National Cancer Institute®
Last Modified: March 1, 2002
UI - 11850786
AU - Pandita TK
TI - ATM function and telomere stability.
SO - Oncogene 2002 Jan 21;21(4):611-8
AD - Center for Radiological Research, College of Physicians and Surgeons, Columbia University, New York, New York, NY 10032, USA. email@example.com
Accumulation of DNA damage has been associated with the onset of senescence and predisposition to cancer. The gene responsible for ataxia telangiectasia (A-T) is ATM (ataxia-telangiectasia mutant), a master controller of cellular pathways and networks, orchestrating the responses to a specific type of DNA damage: the double strand break. Based on the homology of the human ATM gene to the TEL1, MEC1 and rad3 genes of yeast, it has now been demonstrated that mutations in ATM lead to defective telomere maintenance in mammalian cells. While ATM has both nuclear and cytoplasmic functions, this review will focus on its roles in telomere metabolism and how ATM and telomeres serve as controllers of cellular responses to DNA damage.
UI - 11665719
AU - Shiloh Y; Kastan MB
TI - ATM: genome stability, neuronal development, and cancer cross paths.
SO - Adv Cancer Res 2001;83():209-54
AD - Department of Human Genetics and Molecular Medicine, Sackler School of Medicine, Tel Aviv University, Israel.
One of the cornerstones of the web of signaling pathways governing cellular life and differentiation is the DNA damage response. It spans a complex network of pathways, ranging from DNA repair to modulation of numerous processes in the cell. DNA double-strand breaks (DSBs), which are formed as a result of genotoxic stress or normal recombinational processes, are extremely lethal lesions that rapidly mobilize this intricate defense system. The master controller that pilots cellular responses to DSBs is the ATM protein kinase, which turns on this network by phosphorylating key players in its various branches. ATM is the protein product of the gene mutated in the human genetic disorder ataxia-telangiectasia (A-T), which is characterized by neuronal degeneration, immunodeficiency, sterility, genomic instability, cancer predisposition, and radiation sensitivity. The clinical and cellular phenotype of A-T attests to the numerous roles of ATM, on the one hand, and to the link between the DNA damage response and developmental processes on the other hand. Recent studies of this protein and its effectors, combined with a thorough investigation of animal models of A-T, have led to new insights into the mode of action of this master controller of the DNA damage response. The evidence that ATM is involved in signaling pathways other than those related to damage response, particularly ones relating to cellular growth and differentiation, reinforces the multifaceted nature of this protein, in which genome stability, developmental processes, and cancer cross paths.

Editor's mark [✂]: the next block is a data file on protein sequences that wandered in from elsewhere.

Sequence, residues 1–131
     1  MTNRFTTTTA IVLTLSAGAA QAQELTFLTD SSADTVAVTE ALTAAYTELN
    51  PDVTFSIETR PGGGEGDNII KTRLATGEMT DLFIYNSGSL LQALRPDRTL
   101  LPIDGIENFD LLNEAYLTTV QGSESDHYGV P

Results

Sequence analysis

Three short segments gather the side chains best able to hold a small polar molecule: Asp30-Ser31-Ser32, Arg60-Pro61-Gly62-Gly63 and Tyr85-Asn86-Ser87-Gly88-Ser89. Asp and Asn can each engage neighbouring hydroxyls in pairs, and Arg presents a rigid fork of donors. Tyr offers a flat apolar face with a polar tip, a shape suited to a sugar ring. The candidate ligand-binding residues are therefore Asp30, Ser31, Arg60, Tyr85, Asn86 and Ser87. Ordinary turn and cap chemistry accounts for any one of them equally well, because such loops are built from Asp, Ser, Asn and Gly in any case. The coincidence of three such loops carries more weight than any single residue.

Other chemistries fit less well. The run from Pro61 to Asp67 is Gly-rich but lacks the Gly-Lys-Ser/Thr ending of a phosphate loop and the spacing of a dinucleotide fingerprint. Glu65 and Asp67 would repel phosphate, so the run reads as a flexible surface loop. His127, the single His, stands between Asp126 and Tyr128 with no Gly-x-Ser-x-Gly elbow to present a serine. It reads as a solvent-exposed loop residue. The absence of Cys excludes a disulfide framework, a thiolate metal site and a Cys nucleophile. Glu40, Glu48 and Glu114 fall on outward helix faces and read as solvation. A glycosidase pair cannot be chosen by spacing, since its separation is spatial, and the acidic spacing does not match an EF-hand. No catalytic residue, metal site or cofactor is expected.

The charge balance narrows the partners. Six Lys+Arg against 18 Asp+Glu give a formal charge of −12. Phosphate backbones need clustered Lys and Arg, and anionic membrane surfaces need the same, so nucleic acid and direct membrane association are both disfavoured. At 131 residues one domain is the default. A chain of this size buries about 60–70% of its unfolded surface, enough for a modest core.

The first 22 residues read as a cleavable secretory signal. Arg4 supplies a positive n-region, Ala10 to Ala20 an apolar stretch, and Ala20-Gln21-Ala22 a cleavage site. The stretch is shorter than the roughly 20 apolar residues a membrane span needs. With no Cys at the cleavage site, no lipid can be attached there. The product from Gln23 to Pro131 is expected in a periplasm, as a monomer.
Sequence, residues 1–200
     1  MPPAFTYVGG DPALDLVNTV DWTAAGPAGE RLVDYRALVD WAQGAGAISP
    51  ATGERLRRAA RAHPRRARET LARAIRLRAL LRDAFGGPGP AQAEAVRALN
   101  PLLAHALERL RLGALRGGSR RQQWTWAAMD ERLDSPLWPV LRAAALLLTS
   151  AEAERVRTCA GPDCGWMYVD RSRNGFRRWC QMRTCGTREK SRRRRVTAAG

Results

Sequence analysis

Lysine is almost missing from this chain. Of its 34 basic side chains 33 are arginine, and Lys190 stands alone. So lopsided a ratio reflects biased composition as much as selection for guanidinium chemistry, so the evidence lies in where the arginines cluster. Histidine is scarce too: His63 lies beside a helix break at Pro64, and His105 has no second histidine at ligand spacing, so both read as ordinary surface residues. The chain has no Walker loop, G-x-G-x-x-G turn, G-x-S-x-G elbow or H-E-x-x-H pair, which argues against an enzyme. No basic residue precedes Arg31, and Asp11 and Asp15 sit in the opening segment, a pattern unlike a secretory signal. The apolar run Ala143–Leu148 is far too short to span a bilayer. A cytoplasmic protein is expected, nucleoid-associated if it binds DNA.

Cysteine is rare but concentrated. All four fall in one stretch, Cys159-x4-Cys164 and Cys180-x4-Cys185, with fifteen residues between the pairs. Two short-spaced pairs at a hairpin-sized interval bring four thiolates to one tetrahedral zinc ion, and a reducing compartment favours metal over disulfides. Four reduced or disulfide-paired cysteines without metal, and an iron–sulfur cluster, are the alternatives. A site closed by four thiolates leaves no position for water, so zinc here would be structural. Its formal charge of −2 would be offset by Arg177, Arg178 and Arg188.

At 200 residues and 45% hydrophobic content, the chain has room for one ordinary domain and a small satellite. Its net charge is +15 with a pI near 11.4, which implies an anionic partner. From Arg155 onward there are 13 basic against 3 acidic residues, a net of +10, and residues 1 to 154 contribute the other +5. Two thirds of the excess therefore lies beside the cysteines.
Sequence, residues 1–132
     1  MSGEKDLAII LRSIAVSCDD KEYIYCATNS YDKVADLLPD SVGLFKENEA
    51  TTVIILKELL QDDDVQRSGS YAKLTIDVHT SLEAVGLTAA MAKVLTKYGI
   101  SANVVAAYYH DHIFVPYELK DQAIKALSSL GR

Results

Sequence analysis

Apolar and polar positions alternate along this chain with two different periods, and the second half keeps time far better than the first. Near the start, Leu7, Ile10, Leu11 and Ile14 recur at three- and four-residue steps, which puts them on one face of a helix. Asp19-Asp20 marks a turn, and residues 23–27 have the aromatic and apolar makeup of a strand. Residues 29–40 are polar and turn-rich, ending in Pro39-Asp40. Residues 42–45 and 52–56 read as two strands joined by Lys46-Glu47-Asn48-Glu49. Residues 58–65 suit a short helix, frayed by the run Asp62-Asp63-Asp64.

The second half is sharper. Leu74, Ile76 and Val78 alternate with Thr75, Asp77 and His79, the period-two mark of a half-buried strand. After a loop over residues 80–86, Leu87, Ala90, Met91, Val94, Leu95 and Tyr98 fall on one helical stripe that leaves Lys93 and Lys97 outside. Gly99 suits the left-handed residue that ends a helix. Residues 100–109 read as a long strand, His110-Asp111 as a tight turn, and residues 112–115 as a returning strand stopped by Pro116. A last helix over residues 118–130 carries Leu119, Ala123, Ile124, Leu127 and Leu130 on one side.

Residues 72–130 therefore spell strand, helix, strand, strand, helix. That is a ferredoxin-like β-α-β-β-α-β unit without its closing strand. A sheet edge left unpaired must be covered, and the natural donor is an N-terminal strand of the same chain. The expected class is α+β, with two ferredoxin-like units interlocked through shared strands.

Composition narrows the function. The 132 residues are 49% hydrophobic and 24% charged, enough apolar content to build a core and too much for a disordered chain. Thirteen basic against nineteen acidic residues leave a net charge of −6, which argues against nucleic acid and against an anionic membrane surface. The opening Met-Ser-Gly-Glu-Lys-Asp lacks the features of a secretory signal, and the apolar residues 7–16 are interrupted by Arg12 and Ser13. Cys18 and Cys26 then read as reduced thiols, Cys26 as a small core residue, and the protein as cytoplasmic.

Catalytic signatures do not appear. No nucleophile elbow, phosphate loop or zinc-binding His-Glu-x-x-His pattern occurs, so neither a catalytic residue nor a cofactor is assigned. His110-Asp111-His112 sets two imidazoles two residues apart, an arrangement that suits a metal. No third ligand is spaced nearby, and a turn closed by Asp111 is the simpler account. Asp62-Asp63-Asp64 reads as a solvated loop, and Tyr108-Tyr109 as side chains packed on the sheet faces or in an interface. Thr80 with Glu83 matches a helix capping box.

UI - 11826028
AU - Saviozzi S; Saluto A; Taylor AM; Last JI; Trebini F; Paradiso MC; Grosso
TI - E; Funaro A; Ponzio G; Migone N; Brusco A A late onset variant of ataxia-telangiectasia with a compound heterozygous genotype, A8030G/7481insA.
SO - J Med Genet 2002 Jan;39(1):57-61
UI - 11857346
AU - Chun HH; Castellvi-Bel S; Wang Z; Nagourney RA; Plaeger S;
TI - Becker-Catania SG; Naeim F; Sparkes RS; Gatti RA TCL-1, MTCP-1 and TML-1 gene expression profile in non-leukemic clonal proliferations associated with ataxia-telangiectasia.
SO - Int J Cancer 2002 Feb 20;97(6):726-31
AD - Department of Pathology, School of Medicine, University of California at Los Angeles, Los Angeles, CA 90095-1732, USA.